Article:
Avoid borrowing from friends and family

In life unexpected events occur leading us to need to borrow some money to tide us over. While there are money financial institutions such as banks and personal loan providers we can turn to, you could be tempted to ask the people you know for help – especially in an emergency. Circumstances differ but if you’re looking for an injection of cash it may be a good idea to avoid borrowing from friends and family. There are many reasons for this, some of which are outlined below:

The burden of open-ended loans

One thing about loans between family members and friends is that they are usually open-ended. This means that there is no definite repayment period for the loan agreed upon; a situation that can cause confusion or disagreements over repayment times and amounts. This is unlike borrowing from personal loan lenders such as Fast Money, where clear repayment figures and dates are agreed prior to the loan being paid out.

Don’t become ‘that guy/girl’!

Another issue with borrowing from friends and family is that there is a risk that you could be seen as that person who always asks for money. This may not be true of course but we all go through financial ups and downs that it may seem easier to just ask a certain family member for help. Unfortunately, despite good intentions on both sides, resentment can sometimes build, thereby straining your relationship.

The person you borrowed from has an emergency of their own

Another thing to consider if you’re thinking of borrowing from someone close to you is the fact that they may experience some financial trouble themselves and ask for their money back. In most cases they will ask for the full amount, and you may not be able to comply at the time of asking. This is in complete contrast to borrowing from a legitimate lender, with whom the monthly payments and the loan period are bound by a contract.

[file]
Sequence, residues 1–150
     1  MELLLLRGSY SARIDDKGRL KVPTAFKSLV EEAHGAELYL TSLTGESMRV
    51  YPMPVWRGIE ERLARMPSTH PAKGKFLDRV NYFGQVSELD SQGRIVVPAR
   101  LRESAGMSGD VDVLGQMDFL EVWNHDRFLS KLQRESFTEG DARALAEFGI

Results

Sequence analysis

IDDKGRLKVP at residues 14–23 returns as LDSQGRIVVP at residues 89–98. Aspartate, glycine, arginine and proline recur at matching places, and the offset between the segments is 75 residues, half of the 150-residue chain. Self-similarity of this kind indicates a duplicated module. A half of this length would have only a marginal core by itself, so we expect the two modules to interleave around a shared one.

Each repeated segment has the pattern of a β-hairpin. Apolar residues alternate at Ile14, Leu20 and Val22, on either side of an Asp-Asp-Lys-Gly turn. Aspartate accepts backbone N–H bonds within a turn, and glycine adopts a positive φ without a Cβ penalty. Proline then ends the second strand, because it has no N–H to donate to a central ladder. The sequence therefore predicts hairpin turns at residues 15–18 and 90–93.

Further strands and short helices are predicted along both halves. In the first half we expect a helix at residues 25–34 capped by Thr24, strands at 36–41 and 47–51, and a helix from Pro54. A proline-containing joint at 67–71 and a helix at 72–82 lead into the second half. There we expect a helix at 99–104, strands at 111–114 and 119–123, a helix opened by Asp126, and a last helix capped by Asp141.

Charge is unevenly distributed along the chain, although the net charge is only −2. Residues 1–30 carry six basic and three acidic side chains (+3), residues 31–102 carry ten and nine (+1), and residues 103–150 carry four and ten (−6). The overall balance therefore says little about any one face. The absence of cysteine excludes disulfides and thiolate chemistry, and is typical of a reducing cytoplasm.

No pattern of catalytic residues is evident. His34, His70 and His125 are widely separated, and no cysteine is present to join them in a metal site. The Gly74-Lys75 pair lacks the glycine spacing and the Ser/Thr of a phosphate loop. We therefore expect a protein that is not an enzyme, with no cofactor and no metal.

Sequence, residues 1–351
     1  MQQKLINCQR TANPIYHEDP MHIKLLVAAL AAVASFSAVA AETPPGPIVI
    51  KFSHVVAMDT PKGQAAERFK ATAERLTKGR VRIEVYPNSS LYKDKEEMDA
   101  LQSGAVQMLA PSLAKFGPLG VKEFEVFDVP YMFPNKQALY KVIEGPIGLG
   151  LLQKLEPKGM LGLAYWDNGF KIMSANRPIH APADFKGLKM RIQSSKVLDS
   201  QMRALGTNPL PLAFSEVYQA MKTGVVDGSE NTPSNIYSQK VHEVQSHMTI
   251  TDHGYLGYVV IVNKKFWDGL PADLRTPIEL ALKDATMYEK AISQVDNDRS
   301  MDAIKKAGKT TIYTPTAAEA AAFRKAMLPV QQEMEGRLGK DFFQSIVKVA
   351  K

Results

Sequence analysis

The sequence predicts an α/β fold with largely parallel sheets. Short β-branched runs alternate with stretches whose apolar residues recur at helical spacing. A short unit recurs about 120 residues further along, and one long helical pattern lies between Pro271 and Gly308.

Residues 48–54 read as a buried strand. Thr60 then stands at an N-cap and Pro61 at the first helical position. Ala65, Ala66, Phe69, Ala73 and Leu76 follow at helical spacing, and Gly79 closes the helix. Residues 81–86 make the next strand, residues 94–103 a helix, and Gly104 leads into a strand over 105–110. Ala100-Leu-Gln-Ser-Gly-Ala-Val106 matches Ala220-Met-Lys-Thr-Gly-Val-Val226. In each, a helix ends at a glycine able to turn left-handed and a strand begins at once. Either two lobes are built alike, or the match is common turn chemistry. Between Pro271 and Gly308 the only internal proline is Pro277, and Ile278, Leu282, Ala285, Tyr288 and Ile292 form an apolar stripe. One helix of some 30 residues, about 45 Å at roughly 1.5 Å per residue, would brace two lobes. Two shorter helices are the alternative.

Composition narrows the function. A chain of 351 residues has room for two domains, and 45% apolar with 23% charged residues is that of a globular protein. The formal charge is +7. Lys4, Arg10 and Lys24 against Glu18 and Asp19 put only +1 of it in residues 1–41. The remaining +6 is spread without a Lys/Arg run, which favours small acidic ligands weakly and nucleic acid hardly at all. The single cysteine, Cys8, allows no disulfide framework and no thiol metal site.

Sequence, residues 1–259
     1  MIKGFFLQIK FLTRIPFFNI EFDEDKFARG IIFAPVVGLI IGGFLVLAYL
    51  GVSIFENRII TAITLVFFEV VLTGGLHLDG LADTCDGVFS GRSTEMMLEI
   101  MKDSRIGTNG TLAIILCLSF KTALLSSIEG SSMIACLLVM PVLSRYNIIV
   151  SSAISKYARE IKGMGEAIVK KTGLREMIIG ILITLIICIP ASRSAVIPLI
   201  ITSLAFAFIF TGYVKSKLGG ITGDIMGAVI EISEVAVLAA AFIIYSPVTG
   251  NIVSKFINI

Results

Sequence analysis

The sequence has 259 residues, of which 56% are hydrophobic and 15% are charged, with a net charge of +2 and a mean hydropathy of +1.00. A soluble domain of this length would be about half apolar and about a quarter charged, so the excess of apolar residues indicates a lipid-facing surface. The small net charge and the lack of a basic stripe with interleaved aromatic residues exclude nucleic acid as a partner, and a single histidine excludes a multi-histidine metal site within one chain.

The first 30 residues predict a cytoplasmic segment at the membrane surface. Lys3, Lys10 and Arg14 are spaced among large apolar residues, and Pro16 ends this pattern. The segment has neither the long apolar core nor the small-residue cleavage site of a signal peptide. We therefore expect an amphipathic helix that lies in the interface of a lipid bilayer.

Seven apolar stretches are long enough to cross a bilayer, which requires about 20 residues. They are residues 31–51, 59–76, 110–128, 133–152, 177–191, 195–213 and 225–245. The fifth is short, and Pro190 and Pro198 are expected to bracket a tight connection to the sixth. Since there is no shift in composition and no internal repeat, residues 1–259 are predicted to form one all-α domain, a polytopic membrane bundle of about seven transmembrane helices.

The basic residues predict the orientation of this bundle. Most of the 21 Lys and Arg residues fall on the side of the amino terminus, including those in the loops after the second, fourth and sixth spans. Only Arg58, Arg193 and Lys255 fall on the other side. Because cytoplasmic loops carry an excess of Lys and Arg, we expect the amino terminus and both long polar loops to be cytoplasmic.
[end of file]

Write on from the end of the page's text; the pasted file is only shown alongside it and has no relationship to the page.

The potential to strain relations

The points mentioned above have the potential to strain relations between the lender and the borrower despite their ties as friends, acquaintances, or family. Money is one of the most difficult subjects to discuss and your friend may feel uncomfortable enquiring about the loan. This may then lead to a strain on your friendship or family ties.

Family gatherings may become awkward

Following on from the above point, strained relations mean that any family gatherings or work outing may become potentially awkward with the loan becoming an elephant in the room. This is why it may be a good idea to get a personal loan form a licensed provider as the relationship remains professional and is does not impact on your personal life.

As we can see, it is a good idea to avoid borrowing money from friends and family wherever possible. The points raised above show the pitfalls of doing so and show that it may be better to explore other options.

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